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Franklin Parker Conservation Excellence Grants

Franklin ParkerThere aren’t too many people about whom you can say, “If not for him, many of the most beautiful, unspoiled places in our state would not exist today.” Franklin E. Parker III was one of those people.


Frank was one of New Jersey’s true conservation pioneers. An attorney by vocation, his passion was land preservation in the Garden State and beyond. A myriad of conservation groups succeeded due to his leadership and vision.


He served as the inaugural chairman of the New Jersey Pinelands Commission, established in 1979 to enforce laws protecting the Pine Barrens. He was a co-founder of New Jersey Conservation Foundation and a longtime trustee and former president. He founded and served as director of the New Jersey office of the Trust for Public Land. He was on the boards of numerous conservation organizations.


It is a testimony to Franklin Parker's legacy that grants supporting the work of New Jersey land conservation groups are named in his honor.




The Franklin Parker Conservation Excellence Grants provide funding for non-profit conservation organizations working in New Jersey. The grants are designed to enhance proficiency in land conservation, develop long-term viable programs, and design creative, innovative projects that can serve as models for other communities and projects. Since its inception in 1989, the Franklin Parker Conservation Excellence Grants Program has awarded more than $1,676,746 for 428 conservation projects throughout the Garden State.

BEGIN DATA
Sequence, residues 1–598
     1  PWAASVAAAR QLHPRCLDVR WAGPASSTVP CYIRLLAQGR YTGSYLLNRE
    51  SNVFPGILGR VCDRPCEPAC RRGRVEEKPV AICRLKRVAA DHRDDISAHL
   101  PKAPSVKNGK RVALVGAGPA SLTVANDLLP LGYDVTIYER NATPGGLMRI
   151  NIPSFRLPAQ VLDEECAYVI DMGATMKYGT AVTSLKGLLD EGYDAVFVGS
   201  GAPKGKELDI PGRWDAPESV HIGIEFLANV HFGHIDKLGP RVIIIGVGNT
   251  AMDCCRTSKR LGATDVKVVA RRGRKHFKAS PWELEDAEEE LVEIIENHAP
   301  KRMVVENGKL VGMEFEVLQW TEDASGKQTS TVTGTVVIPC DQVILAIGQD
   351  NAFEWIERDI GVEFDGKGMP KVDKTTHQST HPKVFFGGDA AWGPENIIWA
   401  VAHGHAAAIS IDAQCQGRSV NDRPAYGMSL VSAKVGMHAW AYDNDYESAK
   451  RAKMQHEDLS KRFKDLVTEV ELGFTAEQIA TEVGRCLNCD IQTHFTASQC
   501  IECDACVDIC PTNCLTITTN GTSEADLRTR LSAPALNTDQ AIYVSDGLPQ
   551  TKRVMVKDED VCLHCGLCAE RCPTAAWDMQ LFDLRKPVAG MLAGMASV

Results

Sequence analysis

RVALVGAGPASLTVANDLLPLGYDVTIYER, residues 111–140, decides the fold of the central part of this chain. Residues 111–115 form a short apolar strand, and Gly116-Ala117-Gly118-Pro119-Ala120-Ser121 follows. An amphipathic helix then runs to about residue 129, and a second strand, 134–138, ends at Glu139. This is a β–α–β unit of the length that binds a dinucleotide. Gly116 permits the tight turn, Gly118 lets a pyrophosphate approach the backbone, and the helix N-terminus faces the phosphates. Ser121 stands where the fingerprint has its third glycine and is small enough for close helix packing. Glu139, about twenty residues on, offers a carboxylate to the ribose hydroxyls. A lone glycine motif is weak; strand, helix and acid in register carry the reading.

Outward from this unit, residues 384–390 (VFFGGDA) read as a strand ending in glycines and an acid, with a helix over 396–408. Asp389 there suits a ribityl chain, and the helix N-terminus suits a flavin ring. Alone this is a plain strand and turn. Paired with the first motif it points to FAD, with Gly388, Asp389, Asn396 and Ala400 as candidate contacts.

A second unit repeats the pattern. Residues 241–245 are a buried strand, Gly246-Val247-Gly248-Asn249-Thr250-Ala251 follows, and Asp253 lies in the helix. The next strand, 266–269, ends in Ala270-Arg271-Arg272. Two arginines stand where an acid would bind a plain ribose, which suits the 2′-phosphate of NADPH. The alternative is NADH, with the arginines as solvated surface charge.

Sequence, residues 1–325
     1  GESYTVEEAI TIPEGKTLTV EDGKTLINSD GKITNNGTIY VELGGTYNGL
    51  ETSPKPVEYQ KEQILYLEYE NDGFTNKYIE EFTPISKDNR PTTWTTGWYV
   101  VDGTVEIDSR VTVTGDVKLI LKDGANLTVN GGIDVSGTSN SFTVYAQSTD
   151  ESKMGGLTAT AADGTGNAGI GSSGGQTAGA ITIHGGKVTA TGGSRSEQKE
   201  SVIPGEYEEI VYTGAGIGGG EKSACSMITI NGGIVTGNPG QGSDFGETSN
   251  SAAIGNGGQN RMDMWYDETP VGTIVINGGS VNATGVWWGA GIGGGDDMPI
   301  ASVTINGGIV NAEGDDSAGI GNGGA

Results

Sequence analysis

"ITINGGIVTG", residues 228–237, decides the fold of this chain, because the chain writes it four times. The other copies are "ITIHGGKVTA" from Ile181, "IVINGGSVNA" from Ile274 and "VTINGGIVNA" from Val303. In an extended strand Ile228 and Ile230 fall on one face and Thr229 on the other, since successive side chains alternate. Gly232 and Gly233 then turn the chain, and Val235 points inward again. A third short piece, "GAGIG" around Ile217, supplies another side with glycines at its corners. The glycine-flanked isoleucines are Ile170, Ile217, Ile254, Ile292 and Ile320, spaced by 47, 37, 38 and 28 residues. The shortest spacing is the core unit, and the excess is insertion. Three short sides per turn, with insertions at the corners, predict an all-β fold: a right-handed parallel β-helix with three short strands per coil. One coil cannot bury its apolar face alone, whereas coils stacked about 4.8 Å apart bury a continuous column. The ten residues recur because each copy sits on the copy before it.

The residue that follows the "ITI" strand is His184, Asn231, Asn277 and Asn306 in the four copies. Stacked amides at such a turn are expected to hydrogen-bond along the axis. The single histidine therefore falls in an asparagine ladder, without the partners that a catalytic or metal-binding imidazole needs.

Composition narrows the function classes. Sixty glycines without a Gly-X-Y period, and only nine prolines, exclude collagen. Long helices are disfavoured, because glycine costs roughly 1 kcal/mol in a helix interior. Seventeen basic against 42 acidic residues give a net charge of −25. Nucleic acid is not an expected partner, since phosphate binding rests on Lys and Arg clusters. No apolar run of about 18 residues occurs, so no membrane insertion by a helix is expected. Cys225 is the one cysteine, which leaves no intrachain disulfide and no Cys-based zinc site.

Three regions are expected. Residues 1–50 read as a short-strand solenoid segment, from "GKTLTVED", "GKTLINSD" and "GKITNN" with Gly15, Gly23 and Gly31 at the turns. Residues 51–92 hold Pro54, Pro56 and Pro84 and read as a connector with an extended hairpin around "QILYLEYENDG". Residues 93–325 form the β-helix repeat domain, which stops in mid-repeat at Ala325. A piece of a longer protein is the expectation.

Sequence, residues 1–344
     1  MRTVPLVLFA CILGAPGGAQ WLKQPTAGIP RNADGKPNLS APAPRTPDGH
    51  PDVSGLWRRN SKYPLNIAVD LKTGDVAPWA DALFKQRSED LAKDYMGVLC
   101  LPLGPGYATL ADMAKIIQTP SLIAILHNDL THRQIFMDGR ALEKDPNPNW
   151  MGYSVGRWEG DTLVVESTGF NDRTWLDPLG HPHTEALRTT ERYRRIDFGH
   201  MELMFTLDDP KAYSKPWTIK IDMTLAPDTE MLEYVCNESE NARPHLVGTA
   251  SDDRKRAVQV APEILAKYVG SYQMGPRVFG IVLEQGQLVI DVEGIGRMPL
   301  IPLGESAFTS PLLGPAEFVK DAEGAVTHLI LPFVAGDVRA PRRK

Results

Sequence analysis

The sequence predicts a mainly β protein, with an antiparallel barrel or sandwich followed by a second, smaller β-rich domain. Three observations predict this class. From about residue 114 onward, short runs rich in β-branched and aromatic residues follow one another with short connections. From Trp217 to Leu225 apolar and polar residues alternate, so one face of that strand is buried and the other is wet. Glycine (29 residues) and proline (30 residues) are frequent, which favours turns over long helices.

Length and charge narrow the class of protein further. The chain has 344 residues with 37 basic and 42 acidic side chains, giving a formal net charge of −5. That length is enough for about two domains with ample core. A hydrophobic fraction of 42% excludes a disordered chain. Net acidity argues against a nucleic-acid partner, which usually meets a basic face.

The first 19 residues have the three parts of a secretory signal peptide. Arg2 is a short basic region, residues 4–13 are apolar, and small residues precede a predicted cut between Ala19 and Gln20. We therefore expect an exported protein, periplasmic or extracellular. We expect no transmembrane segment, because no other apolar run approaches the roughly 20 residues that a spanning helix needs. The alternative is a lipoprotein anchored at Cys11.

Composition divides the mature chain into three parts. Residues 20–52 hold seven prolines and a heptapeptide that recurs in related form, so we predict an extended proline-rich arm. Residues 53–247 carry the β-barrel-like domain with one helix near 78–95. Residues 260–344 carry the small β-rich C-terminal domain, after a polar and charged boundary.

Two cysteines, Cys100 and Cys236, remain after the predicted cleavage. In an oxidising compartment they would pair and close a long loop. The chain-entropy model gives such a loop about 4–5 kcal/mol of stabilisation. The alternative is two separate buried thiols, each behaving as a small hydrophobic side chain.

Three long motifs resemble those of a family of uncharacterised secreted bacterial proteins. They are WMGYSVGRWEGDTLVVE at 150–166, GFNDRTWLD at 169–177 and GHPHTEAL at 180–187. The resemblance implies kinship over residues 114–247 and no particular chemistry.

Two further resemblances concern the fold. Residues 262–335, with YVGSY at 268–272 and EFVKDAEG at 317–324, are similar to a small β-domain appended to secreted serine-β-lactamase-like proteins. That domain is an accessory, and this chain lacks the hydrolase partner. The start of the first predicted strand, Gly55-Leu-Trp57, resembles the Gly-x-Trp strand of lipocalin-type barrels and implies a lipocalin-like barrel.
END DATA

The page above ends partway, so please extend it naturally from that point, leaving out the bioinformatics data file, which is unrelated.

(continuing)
The purpose of these grants is to provide essential resources to nonprofit conservation groups addressing critical land protection and conservation issues throughout New Jersey. Eligible activities include land preservation, land stewardship, public education,  and organizational health.




2018 Grants are due on May 15, 2018.



For questions or assistance, contact Laura Szwak at or 908-234-1225 ext. 117.


For a list of 2017 Grant awards, click here.


Funding for the Franklin Parker Conservation Excellence Grants Program is made possible through the generous support of Victoria Foundation and the Mary Reinhart Stackhouse Foundation.


Previous award winners:


2016 Grant Awards  (click link to see all winners)

Boys & Girls Club in Vineland plants a "pizza garden" and eat the produce!
Hunterdon Land Trust developed interpretive trail signs at Dvoor Farm.
Stewards trained by Sourland Conservancy restore woodcock habitat.
Friends of Black Run Preserve plant native Pine Barrens trees, shrubs and grasses.
Conserve Wildlife Foundation conducted bat surveys using mist-netting and telemetry.
D&R Greenway Land Trust planted shrubs to enhance reforestration project at Woodens Lane Preserve. 
Friends of Princeton Open Space constructed a deer fence and enhanced the forest at Mountain Lakes Preserve.
Isles cleaned up and beautifed vacant lots in Trenton with the help of neighborhood residents.
Great Swamp Watershed Association received assistance for land trust accreditation.
NJ Audubon Society improved bird migration stopover in Cape May.

Passaic River Coalition conveyed properties to other conservation groups.
Ridge and Valley Conservancy removed invasive mile-a-minute plants from Beech Ridge Preserve.


Stony Brook-Millstone Watershed Association preserves 26-acre property next to their lands.

Friends of Hopewell Valley Open Space produced

 training and film about conservation deer hunting.